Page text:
Congress has just returned from recess and life here for your favorite watchdog continues to be busy!
Last week, we reported on a victory for democracy: The Vermont State Senate approved a resolution calling for a constitutional amendment to overturn Citizens United v. Federal Election Commission, the U.S. Supreme Court ruling that has ushered in a corporate political spending free-for-all, the negative effects of which we began seeing in the congressional midterms and we see now in the presidential race. The ball is now in the court of the Vermont House, but the clock is ticking. The House Government Operations Committee has yet to schedule a vote on the resolution — the first step in moving it through that chamber. The state’s legislative session ends next week. If you live in Vermont, please call your state representative and urge him or her to move this bill forward.
If the Vermont House passes the bill — and there is a lot of support for it among Vermont House members — Vermont would be the third state to call for an amendment to overturn the Supreme Court’s 2010 ruling. Public Citizen’s Democracy Is For People Campaign is playing an instrumental role in getting Vermont, California, Maryland and Massachusetts on board with calling for a constitutional amendment to help curb corporate power in elections.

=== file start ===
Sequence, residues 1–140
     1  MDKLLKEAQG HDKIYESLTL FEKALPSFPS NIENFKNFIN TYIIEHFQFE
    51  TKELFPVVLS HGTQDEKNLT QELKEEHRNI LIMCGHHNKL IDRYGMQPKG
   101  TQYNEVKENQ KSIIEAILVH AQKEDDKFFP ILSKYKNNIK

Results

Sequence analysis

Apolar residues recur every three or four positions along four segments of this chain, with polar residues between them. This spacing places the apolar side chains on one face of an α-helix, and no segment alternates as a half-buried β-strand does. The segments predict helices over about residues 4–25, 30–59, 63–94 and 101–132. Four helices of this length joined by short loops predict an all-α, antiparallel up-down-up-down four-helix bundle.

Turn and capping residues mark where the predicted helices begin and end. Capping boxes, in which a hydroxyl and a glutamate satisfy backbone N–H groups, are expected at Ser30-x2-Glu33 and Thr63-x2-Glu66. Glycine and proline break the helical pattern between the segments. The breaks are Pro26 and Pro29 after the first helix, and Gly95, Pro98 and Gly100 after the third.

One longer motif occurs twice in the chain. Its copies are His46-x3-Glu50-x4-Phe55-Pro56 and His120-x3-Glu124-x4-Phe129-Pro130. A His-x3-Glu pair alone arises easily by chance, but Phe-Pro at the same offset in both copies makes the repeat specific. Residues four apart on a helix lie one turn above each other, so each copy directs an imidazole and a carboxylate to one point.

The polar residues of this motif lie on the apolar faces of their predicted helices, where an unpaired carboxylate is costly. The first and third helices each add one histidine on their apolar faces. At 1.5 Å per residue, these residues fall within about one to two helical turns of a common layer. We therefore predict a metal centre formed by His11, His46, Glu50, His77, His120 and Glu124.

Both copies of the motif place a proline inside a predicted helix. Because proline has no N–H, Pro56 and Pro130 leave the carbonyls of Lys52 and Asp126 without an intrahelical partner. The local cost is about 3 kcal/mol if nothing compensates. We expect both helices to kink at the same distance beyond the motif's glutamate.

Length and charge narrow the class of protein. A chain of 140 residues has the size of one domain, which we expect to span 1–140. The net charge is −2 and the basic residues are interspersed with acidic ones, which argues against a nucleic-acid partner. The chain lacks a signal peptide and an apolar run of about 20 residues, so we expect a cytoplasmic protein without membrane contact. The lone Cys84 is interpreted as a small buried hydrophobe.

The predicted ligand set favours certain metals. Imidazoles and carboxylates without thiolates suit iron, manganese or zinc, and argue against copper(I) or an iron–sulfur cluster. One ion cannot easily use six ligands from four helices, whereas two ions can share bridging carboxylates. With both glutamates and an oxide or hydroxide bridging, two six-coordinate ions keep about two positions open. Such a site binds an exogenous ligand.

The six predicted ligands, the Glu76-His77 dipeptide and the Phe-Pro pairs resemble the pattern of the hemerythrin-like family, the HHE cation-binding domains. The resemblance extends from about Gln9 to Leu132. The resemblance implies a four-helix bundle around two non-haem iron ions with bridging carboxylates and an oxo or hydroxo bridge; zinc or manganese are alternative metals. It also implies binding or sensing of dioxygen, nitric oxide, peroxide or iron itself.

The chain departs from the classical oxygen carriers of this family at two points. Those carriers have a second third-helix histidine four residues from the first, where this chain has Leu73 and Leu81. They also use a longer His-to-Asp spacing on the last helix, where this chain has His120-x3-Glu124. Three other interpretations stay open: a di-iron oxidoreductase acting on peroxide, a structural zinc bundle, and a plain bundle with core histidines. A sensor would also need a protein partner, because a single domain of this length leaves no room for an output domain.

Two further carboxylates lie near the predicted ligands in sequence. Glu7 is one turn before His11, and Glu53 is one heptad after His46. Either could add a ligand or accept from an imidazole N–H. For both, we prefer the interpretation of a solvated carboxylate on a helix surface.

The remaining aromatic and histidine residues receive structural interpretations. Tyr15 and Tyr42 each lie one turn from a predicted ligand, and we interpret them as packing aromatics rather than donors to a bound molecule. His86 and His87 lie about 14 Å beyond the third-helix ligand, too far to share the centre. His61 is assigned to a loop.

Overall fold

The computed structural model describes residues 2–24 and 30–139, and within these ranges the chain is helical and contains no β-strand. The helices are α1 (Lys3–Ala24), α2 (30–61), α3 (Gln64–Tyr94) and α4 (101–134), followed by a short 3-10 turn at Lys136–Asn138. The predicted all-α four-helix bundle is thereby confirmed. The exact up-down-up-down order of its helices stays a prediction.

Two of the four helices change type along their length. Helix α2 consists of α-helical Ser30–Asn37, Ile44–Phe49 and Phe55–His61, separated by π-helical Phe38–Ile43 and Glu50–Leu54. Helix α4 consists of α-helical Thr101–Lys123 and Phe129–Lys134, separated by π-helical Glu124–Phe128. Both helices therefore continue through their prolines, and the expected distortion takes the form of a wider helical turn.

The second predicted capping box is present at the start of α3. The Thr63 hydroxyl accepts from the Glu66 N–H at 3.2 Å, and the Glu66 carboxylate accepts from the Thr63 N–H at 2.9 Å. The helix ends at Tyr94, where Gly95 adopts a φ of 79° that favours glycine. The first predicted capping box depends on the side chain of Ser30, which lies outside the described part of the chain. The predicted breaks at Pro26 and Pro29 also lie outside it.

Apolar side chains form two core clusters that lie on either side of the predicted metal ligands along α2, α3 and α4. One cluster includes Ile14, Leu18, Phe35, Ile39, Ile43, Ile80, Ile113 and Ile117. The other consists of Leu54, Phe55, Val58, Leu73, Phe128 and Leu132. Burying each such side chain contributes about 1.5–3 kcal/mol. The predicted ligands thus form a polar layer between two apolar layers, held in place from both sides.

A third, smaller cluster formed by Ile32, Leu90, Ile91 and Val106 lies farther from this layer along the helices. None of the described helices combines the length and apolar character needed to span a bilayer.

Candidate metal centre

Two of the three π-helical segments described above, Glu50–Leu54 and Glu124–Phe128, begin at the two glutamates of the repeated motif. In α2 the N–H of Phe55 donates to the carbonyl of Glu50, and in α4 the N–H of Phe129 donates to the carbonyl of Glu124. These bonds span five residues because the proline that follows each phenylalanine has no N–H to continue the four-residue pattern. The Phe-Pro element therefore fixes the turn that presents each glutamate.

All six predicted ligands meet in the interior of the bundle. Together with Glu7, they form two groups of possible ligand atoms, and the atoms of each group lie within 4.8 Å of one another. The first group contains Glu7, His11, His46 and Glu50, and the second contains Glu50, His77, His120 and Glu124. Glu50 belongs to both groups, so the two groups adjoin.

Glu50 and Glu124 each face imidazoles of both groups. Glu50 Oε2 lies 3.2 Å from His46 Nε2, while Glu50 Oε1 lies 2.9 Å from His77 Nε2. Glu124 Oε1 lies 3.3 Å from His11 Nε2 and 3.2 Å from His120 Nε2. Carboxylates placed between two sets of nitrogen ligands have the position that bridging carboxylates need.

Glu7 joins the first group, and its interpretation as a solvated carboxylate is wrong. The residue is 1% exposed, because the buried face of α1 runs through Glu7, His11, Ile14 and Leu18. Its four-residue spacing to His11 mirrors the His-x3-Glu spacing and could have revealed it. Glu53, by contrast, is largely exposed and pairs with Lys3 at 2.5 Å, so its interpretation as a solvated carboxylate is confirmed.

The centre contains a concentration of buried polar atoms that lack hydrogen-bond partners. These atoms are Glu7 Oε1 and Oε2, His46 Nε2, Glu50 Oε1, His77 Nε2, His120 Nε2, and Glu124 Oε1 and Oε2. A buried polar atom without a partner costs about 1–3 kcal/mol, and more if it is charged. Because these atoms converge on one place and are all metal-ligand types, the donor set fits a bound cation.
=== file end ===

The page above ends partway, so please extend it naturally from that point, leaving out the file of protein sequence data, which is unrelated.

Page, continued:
We also are working with activists throughout the country to persuade local councils to support an amendment – and to do so the second week of June as part of, “Resolutions Week.” Resolutions Week and other efforts by other organizations — as well as congressional lawmakers — will be the focus of a congressional Summit on Capitol Hill this Wednesday (Facebook event invite link, here). Public Citizen is pleased to have had the opportunity to help facilitate and witness the growth of an ever-more powerful team of lawmakers, organizational allies and activists that are determined to make sure the voices of everyday people are not drowned out by mega-rich individuals and corporations. This summit is a signal: This movement is the real thing. We are determined. We are growing and together we will ensure that our democracy is for the people and by the people.